Suen accuses hospital of failure to protect privacy
Secretary for Education Michael Suen Ming-yeung has accused Queen Mary Hospital of failing to protect his medical records when he had a tumour removed last month.
Suen also refused to confirm if the tumour on his thyroid was malignant. He said he wanted to keep some privacy on the state of his health, which has drawn public attention since he was found to be suffering from kidney failure in April last year.
Suen said he was concerned about how the public hospital in Pok Fu Lam protected patients' privacy.
'Even before I was discharged [on April 27], people [from the media] already knew what tumour I had removed,' he said. 'The Queen Mary Hospital has not done its best as a gatekeeper. I would like to have a little bit of privacy.'
Suen said his wife, Rita, was distressed when media people called her asking about his condition.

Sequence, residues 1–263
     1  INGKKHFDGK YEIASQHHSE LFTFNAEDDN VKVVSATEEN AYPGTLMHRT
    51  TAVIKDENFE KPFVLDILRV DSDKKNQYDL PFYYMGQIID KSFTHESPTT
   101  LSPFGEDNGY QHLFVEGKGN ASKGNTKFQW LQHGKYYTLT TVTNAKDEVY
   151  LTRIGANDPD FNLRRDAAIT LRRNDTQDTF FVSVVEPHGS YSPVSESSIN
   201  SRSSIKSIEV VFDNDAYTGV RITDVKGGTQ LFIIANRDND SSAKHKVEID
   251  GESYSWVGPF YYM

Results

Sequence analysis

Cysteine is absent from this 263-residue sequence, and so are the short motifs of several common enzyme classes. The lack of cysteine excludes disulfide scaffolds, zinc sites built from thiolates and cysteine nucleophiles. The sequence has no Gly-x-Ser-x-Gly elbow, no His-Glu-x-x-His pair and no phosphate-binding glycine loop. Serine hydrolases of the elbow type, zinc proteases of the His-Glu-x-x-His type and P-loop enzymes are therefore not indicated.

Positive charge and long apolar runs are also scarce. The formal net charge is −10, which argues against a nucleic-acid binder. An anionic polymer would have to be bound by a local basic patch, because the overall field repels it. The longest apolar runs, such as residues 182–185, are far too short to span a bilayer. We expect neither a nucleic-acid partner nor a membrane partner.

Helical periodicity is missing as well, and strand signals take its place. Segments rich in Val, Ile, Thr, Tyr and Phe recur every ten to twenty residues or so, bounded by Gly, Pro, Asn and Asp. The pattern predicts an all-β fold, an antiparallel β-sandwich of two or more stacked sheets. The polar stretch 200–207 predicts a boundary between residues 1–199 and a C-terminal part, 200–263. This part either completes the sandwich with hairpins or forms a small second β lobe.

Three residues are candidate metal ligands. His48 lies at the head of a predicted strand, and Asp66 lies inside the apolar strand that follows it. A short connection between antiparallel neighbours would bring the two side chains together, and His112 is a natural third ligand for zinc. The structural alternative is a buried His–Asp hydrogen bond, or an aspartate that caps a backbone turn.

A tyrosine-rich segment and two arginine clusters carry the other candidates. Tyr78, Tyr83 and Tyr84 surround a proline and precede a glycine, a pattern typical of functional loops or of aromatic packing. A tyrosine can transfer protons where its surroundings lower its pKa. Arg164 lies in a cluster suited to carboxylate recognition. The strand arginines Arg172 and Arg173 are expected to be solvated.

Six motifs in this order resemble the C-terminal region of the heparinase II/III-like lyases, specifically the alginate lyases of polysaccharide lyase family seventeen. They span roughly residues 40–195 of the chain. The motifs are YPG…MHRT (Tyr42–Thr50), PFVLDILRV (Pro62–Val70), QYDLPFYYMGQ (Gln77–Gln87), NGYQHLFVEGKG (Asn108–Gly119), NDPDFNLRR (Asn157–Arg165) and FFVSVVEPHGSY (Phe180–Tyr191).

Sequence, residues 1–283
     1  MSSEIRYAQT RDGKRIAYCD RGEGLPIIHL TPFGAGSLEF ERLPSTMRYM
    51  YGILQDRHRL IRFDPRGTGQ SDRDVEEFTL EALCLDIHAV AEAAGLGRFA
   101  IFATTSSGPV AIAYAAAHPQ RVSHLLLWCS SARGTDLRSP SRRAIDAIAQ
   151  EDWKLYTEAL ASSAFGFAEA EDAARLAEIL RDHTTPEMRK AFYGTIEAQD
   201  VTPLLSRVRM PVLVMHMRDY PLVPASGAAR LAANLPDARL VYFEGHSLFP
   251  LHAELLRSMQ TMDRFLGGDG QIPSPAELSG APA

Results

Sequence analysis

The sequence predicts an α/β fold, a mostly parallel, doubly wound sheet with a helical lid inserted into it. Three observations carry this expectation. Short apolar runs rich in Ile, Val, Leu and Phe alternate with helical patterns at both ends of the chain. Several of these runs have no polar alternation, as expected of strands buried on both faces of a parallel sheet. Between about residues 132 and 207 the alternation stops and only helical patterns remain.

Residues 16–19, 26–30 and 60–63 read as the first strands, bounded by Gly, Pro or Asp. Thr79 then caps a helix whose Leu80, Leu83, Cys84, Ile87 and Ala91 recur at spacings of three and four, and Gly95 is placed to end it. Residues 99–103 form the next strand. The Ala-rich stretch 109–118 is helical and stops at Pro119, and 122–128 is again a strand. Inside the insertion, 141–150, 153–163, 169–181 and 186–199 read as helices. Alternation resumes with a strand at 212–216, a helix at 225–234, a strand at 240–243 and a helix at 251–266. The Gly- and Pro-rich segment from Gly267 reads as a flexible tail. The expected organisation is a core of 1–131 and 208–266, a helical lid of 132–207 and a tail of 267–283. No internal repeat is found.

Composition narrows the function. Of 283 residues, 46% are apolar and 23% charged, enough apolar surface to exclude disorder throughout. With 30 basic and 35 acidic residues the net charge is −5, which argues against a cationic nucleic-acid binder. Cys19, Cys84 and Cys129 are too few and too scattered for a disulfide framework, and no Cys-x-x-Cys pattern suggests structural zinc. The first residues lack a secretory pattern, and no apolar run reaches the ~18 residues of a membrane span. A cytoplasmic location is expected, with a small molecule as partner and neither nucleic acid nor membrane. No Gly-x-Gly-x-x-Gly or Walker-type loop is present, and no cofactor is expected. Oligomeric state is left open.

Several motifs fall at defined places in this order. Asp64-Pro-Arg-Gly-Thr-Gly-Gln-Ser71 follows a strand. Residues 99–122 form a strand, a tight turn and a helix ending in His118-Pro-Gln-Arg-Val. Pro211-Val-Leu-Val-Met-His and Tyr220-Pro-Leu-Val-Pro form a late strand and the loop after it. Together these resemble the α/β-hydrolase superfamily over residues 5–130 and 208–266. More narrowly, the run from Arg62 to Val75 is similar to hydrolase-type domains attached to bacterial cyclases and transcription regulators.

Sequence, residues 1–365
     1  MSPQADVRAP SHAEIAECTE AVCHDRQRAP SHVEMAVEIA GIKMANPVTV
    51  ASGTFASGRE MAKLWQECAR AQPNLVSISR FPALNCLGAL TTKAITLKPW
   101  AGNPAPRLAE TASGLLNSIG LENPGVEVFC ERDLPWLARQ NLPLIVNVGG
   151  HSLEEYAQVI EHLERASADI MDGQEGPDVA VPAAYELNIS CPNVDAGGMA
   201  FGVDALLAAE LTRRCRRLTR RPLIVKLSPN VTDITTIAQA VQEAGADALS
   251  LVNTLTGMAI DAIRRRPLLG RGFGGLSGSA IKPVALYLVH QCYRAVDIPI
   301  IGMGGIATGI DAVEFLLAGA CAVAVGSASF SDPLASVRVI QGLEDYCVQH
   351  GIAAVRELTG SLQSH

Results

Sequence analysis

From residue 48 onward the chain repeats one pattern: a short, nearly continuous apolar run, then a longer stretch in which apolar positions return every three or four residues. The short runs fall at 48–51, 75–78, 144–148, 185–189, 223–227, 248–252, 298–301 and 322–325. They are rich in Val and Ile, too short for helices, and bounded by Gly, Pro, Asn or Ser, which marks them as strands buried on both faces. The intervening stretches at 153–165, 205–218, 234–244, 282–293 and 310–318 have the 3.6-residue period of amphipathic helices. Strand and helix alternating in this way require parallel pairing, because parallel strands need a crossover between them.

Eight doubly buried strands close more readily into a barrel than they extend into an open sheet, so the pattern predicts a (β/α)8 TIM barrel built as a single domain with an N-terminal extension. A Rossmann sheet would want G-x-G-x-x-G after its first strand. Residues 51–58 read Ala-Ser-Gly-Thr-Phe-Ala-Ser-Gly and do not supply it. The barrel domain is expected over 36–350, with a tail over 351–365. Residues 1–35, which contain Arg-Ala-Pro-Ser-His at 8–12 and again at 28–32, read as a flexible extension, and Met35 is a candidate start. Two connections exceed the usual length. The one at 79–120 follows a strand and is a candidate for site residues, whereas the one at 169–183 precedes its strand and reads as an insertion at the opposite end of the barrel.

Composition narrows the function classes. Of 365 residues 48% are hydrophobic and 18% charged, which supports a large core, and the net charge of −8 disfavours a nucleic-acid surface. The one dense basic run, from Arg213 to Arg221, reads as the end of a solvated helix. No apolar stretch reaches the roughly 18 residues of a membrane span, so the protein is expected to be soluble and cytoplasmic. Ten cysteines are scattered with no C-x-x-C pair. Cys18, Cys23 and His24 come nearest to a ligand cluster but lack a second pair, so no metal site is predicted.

A spokeswoman for the hospital said they had questioned staff members who handled the relevant medical records. 'We will report to the complainant after the investigation,' she said. 'If the patient's record is confirmed to have been leaked, we will take disciplinary action.'
The minister was speaking at a media briefing on electronic books for schools yesterday when he was asked if he had received the result of laboratory tests on the tumour.
Refusing to comment on the type of tumour, he said: 'If I need to confirm or deny whatever emerges, I will be in the newspapers every day.'
Suen said he needed no chemical therapy and only had to take an iodine solution according to his doctor's advice. He also said his health was fine.
In December, Suen contracted legionnaires' disease through water contamination at the Admiralty government complex. He suffered a broken arm when he fell at home in March. Days later, he returned to hospital for hernia repair surgery.